Arts and Entertainment

Movie Review: All Quiet On the Western Front

Edward Berger directed a new film adaptation of All Quiet on the Western Front, which was released to Netflix on October 28th. The film is the first German-made version of Erich Maria Remarque’s famed World War I novel, originally written in German and published in 1928. 

The first film version of the novel, directed by Lewis Milestone and released in 1930, was a key player in early American sound filmmaking. A second version was released in 1979, directed by Delbert Mann and starring Richard Thomas. 

The newest of the films is two and a half hours long, and every minute is packed with action and emotion. Although the shocking and sometimes gory scenes may be disturbing to certain viewers, each frame is beautifully crafted to provide a vivid image and a lasting impression. The movie follows Paul Bäumer, a young German enlistee in World War I who finds himself in a traumatizing scene much different from the heroic battles he once imagined. A patriotic professor convinces Paul and several classmates to join the military and save the fatherland. But instead, they are met with the horrid realities of grisly war and tasked with fighting for their lives in the trenches.

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The film not only provides an entertaining and moving story with lovable characters. It combines the arts of filmmaking and music with literature and history to create an unforgettable and emotional experience. Each aspect of the film works together to create an immersive and ultimately terrifying experience that effectively portrays the anti-war theme the directors aimed to achieve. The set and costume design are complex and historically accurate. The chilling musical score contributes to the suspenseful and dreadful atmosphere. The acting, in particular, is one of the most outstanding aspects of the film. Twenty-seven-year-old Austrian actor Felix Kammerer made his film debut starring as Paul Bäumer, providing an exquisite performance. Danny Leigh of The Financial Times described Kammerer as a “remarkable newcomer” in filmmaking.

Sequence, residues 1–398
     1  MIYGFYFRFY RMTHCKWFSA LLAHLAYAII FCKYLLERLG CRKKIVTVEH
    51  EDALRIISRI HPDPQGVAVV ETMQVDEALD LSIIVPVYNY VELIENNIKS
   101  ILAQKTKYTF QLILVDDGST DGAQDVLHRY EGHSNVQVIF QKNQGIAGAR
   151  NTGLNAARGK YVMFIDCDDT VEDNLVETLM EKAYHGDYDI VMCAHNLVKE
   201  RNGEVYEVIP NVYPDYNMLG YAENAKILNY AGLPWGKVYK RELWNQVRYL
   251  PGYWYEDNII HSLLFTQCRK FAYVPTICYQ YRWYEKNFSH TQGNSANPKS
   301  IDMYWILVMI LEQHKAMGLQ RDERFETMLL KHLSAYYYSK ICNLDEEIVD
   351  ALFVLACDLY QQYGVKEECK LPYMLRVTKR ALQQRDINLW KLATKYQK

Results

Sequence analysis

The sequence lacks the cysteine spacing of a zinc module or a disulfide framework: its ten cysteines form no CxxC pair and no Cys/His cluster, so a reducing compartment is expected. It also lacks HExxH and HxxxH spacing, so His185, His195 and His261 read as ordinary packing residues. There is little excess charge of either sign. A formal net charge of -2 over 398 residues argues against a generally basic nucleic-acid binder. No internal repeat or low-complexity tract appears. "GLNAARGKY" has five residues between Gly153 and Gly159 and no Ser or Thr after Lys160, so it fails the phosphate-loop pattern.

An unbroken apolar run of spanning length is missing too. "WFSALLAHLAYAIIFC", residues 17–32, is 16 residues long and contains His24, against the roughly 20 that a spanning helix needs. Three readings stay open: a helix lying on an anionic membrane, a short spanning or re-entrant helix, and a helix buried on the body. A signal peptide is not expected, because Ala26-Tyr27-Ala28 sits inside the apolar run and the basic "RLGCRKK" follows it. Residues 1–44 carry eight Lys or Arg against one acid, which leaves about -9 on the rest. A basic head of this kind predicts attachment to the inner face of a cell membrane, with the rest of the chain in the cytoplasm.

The film has already seen success with awards. Film designers Victor Müller, Frank Petzold, and Markus Frank won the European Film Award for Best Visual Effects. In addition, makeup and hair designer Heike Merker won the European Film Award for Best Makeup and Hairstyling. The artfully designed adaptation represents Erich Maria Remarque’s classic and timeless novel and builds a unique story and message. It is certainly not for the faint of heart. More often than not, it is brutal, gory, and terrifying. However, all the details contributing to the emotional distress evoked in the viewer provide a fresh look at the timeless horrors of war. Although sometimes difficult to watch, the skillfully crafted cinematic work is both an unforgettable tale of friendship and a crucial reminder of the evil humanity is capable of inflicting upon itself. 

By Lily Schwedhelm’24 Junior Editor-in-Chief